The First Floridians: Early Humans on the Submerged Gulf Coast of Florida
Sponsored by Grave Creek Mound Archaeological Complex, West Virginia Division of Culture and History
Thursday, October 24, 2013 - 7:00pm to 9:00pm

Grave Creek Mound Archaeological Complex
801 Jefferson Avenue
Moundsville, WV 26041
United States

Now into its fourth season, the Grave Creek Mound Archaeological Complex monthly lecture and film series will highlight West Virginia Archaeology Month (October) with a presentation by Dr. James M. Adovasio.

The 2013 Lecture & Film Series programs are free and open to the public.  Doors open at 6:30 p.m.

Presentation Abstract:

Geoarchaeological exploration of the inner-continental shelf in the northeastern Gulf of Mexico has generated a tremendous amount of side-scan sonar and sub bottom profile data, including nearly 2000 targets of interest. In 2009, many of these targets were directly examined and/or sampled by technical diving archaeologists. Highlights of the 2008-2009 field seasons include the documentation of two lengthy paleo river systems and the identification of numerous intact, infilled karst features. A variety of samples were diver-collected from sites 13-40 m deep and up to 150 km offshore. Of particular importance to our understanding of this inundated Pleistocene landscape is the delineation of the relict Suwannee River channel. This feature has been located in nine separate areas extending nearly 160 km into the Gulf of Mexico on the southeastern edge of the Florida Middle Grounds. The terrestrial expression of this river is replete with Paleoindian sites and it is assumed that the paleo-channel is, likewise, flanked by early occupations. Perhaps most interestingly, during the 2009 project, scuba divers recovered bedrock limestone samples from several locations immediately adjacent to the buried Suwannee channel, three of which contain desilicifying chert. Like their terrestrial counterparts, such areas would have been magnets for the prehistoric utilization of this vast submerged landscape. The results of our current analyses are detailed and plans for future exploration are articulated. It is anticipated that the results of this research will substantially enhance our understanding of the anthropogenic utilization of coastal environments in the late Pleistocene and, more broadly, the early colonization of the New World.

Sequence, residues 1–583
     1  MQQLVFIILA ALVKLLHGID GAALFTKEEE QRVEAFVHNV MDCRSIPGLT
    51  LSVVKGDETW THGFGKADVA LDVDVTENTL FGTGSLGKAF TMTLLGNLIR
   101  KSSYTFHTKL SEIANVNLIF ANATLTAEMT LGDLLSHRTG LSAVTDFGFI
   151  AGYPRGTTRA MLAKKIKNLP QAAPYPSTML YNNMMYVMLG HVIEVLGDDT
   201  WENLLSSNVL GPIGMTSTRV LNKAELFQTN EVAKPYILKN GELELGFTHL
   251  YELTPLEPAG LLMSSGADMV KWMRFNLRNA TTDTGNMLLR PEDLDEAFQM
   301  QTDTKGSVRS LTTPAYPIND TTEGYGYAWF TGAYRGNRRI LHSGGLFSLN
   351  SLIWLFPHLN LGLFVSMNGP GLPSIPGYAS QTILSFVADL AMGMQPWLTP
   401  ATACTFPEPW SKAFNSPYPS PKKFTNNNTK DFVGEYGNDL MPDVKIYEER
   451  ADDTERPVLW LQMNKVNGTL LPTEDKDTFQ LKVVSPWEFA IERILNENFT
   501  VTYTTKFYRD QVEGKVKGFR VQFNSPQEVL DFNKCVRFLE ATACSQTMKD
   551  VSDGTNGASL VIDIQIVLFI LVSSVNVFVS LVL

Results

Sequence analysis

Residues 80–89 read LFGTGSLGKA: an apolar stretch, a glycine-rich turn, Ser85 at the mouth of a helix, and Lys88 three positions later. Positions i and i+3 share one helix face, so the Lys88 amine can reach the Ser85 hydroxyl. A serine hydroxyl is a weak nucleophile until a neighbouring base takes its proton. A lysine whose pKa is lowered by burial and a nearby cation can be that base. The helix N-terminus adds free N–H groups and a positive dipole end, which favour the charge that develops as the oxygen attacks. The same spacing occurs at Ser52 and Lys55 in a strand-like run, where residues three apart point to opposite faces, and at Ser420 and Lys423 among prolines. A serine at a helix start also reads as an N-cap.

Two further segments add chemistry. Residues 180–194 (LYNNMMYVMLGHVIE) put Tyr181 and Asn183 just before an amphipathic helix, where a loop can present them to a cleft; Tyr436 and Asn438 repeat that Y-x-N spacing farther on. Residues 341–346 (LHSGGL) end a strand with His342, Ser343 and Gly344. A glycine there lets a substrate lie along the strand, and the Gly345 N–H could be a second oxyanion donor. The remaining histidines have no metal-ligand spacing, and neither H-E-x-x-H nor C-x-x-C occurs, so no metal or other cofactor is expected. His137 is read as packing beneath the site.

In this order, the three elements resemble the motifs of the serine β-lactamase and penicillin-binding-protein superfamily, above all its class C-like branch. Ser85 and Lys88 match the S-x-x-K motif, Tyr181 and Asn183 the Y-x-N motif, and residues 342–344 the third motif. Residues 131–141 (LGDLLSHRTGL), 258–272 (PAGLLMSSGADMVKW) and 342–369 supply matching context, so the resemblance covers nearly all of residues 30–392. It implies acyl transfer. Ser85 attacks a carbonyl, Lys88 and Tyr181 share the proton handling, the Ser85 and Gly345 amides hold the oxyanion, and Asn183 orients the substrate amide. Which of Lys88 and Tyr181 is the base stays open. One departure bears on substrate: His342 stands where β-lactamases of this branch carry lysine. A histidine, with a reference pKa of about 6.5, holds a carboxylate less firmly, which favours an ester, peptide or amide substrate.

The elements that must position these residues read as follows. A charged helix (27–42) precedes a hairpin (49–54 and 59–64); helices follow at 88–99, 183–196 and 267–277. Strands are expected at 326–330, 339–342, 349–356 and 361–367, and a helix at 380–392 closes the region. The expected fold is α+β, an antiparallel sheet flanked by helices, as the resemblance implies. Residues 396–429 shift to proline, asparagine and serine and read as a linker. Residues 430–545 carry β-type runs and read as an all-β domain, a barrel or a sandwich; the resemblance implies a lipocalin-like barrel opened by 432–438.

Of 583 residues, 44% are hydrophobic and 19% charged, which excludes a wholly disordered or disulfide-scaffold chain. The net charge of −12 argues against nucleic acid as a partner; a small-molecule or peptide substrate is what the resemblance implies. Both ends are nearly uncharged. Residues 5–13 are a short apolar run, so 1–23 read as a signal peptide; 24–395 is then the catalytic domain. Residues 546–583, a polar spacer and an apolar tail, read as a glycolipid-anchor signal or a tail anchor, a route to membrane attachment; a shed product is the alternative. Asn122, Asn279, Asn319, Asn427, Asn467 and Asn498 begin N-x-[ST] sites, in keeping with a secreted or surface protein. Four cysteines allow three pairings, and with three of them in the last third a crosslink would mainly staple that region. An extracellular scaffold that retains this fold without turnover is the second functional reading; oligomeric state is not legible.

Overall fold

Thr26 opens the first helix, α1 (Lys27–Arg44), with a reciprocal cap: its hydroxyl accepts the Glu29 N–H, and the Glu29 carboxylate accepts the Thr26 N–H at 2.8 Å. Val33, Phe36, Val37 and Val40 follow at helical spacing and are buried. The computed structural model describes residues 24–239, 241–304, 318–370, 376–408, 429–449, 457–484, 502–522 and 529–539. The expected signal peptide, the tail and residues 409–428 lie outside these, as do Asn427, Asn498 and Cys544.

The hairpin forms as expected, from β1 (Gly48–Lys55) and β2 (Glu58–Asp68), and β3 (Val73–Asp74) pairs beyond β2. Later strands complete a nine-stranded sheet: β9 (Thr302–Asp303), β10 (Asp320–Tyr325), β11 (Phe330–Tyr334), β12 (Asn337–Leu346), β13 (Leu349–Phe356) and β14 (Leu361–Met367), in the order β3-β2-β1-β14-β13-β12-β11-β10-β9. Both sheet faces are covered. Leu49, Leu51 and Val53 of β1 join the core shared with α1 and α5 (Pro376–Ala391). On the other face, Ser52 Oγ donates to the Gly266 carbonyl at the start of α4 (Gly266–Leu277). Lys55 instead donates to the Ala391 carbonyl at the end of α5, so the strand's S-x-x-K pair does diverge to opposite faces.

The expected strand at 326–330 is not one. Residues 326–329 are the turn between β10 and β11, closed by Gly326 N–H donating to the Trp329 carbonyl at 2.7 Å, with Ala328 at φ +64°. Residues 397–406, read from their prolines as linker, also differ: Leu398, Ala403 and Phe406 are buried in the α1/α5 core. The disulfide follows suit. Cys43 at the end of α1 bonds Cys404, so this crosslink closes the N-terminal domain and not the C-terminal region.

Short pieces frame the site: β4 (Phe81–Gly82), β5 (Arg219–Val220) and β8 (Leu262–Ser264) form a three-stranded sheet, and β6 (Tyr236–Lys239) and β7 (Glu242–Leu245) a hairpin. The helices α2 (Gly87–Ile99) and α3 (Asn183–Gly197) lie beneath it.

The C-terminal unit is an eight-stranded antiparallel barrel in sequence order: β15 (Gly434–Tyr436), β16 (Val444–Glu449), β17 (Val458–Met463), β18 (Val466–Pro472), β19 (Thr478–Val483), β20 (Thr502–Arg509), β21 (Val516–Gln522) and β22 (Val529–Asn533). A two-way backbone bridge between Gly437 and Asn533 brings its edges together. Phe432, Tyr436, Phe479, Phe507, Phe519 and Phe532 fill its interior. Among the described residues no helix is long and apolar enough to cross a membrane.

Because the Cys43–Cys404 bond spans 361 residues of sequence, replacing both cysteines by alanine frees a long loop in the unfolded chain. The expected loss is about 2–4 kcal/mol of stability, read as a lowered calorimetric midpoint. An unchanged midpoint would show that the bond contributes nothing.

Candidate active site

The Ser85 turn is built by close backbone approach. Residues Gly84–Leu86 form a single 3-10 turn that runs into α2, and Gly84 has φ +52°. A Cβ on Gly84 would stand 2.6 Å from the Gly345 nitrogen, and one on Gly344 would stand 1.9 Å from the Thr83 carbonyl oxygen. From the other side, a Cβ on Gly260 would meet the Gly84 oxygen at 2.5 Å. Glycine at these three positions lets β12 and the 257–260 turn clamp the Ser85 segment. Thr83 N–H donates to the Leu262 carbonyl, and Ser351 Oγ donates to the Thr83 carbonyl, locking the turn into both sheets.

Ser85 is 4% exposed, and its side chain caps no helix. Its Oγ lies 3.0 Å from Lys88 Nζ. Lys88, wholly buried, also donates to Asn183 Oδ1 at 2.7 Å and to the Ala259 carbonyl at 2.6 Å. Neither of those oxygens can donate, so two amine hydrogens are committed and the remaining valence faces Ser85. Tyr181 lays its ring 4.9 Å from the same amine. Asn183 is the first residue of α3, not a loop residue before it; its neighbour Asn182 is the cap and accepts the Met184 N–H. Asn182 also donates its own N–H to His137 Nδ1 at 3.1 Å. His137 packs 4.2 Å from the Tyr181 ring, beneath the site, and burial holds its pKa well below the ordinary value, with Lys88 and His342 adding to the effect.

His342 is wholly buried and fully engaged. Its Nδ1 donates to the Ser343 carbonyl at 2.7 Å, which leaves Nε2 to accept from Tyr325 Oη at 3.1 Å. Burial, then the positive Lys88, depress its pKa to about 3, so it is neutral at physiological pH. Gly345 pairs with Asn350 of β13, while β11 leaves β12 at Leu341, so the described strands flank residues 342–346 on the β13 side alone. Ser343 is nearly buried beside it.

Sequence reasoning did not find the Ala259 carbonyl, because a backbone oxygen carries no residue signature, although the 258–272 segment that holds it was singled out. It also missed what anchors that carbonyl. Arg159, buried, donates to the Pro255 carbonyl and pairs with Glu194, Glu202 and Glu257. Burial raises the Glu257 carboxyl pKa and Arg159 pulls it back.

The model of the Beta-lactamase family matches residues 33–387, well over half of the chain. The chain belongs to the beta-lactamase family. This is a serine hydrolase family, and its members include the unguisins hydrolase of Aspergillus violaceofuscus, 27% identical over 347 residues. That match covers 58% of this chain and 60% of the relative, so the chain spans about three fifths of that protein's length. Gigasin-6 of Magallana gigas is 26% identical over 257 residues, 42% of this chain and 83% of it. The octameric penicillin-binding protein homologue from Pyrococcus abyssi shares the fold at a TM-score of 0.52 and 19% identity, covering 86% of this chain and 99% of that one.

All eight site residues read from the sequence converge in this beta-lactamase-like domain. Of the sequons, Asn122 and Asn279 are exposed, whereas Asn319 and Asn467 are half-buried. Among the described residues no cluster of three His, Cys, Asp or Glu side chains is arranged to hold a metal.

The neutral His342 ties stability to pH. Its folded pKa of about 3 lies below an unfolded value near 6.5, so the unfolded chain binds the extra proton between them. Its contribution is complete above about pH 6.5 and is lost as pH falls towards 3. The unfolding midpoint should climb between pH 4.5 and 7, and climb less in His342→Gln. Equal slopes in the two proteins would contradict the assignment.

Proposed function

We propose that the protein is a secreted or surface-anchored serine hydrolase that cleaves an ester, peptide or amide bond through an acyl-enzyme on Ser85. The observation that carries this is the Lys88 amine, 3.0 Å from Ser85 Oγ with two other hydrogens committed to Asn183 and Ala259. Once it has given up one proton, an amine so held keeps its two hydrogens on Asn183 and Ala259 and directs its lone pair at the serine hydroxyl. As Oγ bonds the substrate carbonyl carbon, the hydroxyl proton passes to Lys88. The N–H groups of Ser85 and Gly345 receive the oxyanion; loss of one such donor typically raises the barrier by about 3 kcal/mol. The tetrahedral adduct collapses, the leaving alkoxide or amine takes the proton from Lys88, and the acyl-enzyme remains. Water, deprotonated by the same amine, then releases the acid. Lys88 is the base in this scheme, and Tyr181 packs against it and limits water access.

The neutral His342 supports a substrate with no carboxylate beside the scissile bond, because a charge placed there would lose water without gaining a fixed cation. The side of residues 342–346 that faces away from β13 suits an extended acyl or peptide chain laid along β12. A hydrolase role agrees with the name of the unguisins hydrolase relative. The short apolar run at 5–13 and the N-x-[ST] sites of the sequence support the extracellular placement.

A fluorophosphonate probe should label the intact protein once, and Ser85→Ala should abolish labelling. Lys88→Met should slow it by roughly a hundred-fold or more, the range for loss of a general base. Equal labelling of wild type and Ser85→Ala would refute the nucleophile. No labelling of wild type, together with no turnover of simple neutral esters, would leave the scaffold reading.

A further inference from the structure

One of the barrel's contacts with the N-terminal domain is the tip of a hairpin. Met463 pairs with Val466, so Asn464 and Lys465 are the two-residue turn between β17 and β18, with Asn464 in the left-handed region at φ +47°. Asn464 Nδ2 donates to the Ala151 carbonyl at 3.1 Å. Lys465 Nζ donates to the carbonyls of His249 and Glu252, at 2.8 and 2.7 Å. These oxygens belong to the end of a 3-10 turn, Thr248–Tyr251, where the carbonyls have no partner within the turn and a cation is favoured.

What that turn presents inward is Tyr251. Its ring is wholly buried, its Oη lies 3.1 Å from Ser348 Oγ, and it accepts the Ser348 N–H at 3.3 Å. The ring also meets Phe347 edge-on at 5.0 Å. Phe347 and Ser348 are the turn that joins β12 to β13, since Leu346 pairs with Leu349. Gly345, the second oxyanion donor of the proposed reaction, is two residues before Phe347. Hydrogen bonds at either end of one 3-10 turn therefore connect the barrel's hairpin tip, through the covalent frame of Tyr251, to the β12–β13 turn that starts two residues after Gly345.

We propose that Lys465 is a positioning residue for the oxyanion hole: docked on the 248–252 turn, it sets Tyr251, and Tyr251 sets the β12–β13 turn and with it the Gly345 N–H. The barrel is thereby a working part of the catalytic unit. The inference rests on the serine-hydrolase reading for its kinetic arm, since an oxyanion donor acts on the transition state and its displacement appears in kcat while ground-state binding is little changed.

The Speaker:

J. M. Adovasio received his undergraduate degree in Anthropology from the University of Arizona in 1965 and Ph.D. in Anthropology from the University of Utah in 1970. Since that time, he has served as a Post Doctoral Fellow at the Smithsonian Institution (1972 - 1973) and as Professor and Chairman of the Department of Anthropology at the University of Pittsburgh (1973 - 1990).  In 1990, Dr. Adovasio moved to Erie, Pennsylvania to assume the positions of Chairman of the Department of Anthropology/Archaeology and Director of Mercyhurst Archaeological Institute.  He has since been appointed Provost, Senior Counselor to the President, and Dean of the Zurn School of Natural Sciences and Mathematics.

Though probably best known for his state-of-the-art excavations at Meadowcroft Rockshelter, southwestern Pennsylvania, and his attendant contributions to the highly controversial Pre-Clovis/Clovis debate, Adovasio is generally considered to be the world’s leading authority in the arena of perishable artifact analysis. Since 1970, he has published more than 400 books, or book chapters, manuscripts, and technical papers. These notably include The First Americans (with Jake Page) and the Invisible Sex (with Olga Soffer and Jake Page). Most recently he has served as the co-principal investigator of a multi-year NOAA sponsored project to locate and excavate submerged Paleoindian sites on the inundated continental shelf of the Gulf of Mexico.



Contact Information
David E. Rotenizer, Site Manager


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